WHO reports it needs $98 million through July, but is running a shortfall of $54 million.  It is calling on the international community to step up and fill this gap as soon as possible. (VOA)

Next Story

Children Under Five at Higher Risk of Ebola Outbreak; Represent One-third of Current Total Cases

The World Health Organization reports more than 2,500 cases of Ebola in eastern Congo, including nearly 1,670 deaths. 750 of those cases are children

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FILE - A woman and her children wait to receive Ebola vaccinations, in the village of Mabalako, in eastern Congo, June 17, 2019. VOA

The current Ebola outbreak in the Democratic Republic of Congo is affecting more children than normal.  The United Nations Children’s Fund says kids represent nearly one-third of current total cases, compared to about 20 percent in previous outbreaks.

The World Health Organization reports more than 2,500 cases of Ebola in eastern Congo, including nearly 1,670 deaths. The U.N. Children’s Fund says about 750 of those cases are children.

UNICEF spokeswoman Marixie Mercado says children under age five are especially hard hit, and account for 40 percent of infections.  She notes an exceptionally high number of children are succumbing to the virus.

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FILE – Mwamini Kahindo, an Ebola survivor working as a caregiver to babies who are confirmed Ebola cases, holds an infant outside the red zone at the Ebola treatment center in Butembo, DRC, March 25, 2019. VOA

“The case fatality ratio or the number of cases who die among this group of under-fives is 77 percent.  That is compared with 67 percent among the general population, which means that young children are at higher risk than adults,” she said.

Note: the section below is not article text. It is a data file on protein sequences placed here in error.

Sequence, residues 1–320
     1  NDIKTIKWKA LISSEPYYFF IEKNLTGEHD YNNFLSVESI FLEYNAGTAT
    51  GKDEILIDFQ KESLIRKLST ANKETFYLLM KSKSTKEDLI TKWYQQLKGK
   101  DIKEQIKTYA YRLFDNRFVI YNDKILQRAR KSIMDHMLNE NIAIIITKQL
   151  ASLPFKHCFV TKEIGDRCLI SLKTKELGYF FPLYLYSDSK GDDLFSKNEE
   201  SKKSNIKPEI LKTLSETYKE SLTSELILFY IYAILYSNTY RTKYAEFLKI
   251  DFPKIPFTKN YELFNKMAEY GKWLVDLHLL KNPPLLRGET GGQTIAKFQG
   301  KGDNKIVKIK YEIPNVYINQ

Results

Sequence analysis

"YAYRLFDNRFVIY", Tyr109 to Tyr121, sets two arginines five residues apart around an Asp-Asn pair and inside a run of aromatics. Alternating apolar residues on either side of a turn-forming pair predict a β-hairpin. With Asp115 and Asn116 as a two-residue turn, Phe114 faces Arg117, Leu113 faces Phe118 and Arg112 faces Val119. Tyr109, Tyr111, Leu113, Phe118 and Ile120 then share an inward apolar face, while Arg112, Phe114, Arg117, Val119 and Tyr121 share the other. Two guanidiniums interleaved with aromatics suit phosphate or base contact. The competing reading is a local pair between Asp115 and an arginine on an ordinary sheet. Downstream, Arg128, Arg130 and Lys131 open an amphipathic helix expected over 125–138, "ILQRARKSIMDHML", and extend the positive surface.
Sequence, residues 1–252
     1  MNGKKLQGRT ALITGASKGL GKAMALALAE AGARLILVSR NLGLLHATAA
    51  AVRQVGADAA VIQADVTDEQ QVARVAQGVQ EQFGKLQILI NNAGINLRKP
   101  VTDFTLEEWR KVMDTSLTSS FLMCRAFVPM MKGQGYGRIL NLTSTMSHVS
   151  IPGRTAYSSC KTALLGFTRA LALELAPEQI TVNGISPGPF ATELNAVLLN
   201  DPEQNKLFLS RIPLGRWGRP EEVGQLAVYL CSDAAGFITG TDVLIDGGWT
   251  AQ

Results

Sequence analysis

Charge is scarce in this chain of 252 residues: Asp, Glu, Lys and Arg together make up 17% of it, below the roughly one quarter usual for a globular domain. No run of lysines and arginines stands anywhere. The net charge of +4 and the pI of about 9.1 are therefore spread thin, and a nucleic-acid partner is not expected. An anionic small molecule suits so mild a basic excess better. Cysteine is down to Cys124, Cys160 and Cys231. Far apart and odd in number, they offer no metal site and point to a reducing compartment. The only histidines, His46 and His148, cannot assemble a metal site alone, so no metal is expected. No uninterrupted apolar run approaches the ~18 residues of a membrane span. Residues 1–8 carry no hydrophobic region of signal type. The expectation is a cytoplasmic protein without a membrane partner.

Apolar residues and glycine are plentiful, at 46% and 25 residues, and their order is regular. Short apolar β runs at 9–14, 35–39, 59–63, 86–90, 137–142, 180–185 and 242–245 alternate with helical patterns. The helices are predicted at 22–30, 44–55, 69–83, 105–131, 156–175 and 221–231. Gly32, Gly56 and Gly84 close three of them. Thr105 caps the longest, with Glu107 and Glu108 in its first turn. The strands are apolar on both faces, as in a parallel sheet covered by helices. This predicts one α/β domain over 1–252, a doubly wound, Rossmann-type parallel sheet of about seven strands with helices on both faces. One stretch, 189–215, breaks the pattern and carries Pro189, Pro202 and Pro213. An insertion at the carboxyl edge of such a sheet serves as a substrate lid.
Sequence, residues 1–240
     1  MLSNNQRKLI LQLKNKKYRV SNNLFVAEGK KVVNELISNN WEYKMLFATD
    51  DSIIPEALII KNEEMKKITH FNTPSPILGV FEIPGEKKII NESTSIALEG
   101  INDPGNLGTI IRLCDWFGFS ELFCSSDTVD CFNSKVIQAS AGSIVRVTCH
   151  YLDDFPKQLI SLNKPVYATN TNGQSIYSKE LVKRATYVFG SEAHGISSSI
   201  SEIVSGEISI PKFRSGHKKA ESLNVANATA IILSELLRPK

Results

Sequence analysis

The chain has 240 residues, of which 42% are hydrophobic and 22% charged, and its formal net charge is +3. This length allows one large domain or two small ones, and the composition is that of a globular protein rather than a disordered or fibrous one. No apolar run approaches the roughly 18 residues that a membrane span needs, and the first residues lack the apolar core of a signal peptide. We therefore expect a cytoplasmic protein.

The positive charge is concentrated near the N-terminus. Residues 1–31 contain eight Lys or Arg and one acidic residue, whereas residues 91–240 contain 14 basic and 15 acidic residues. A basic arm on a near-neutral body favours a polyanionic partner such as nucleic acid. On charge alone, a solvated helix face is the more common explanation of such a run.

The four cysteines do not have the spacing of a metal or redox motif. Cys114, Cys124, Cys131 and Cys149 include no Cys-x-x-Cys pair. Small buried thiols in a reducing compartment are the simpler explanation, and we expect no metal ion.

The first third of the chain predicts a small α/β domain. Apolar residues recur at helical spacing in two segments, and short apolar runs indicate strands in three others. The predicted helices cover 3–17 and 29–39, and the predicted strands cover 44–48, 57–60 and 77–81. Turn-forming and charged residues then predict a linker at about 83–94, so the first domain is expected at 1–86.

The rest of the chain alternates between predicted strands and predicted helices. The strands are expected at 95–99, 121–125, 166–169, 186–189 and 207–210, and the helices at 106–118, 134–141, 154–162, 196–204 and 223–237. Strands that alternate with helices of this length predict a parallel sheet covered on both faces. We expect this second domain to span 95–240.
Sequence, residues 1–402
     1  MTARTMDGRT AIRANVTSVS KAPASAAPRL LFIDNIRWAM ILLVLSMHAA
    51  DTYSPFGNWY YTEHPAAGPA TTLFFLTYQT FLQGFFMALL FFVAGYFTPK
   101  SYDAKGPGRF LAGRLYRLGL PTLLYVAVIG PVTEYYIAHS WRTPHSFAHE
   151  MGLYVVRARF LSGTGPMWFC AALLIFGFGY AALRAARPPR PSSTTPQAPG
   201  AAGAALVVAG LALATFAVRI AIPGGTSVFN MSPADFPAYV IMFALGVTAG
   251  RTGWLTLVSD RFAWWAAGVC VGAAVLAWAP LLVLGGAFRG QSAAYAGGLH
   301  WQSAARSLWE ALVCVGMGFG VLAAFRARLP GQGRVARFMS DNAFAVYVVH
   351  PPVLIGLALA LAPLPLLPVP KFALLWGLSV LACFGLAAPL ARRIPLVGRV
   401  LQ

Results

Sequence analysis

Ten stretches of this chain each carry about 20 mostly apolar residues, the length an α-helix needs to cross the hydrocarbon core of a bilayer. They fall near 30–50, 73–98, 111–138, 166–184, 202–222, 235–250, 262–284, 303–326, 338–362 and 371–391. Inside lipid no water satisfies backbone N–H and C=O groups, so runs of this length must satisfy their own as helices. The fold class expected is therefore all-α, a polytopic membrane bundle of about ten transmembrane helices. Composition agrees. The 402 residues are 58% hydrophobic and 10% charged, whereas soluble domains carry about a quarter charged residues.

Mercado says Ebola affects children very differently from adults.  Consequently, she says they need specialized care, both medically and psychologically.

She says children infected with Ebola receive the same drugs as adults, but they require smaller dosages. She says they also require treatment for diarrhea, against intestinal parasites and special nutritional feeding.

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A man receives a vaccine against Ebola from a nurse outside the Afia Himbi Health Center on July 15, 2019 in Goma. VOA

She says children who are separated from their parents or orphaned from Ebola need longer term psycho-social care and support to help them get over their loss.

ALSO READ: WHO: Rise of Ebola Epidemic in DRC’s Goma Could be a ‘Game Changer’

“Virtually all of them need help to counter the debilitating effects of stigma and discrimination that taints children affected by Ebola.   They need to be accepted, valued and loved by their families and communities,” she said.

ln Congo, Mercado says dedicated pediatricians provide special medical care for children in Ebola treatment centers.  She says every child is assigned a dependable caregiver who also is an Ebola survivor and therefore immune to the disease. (VOA)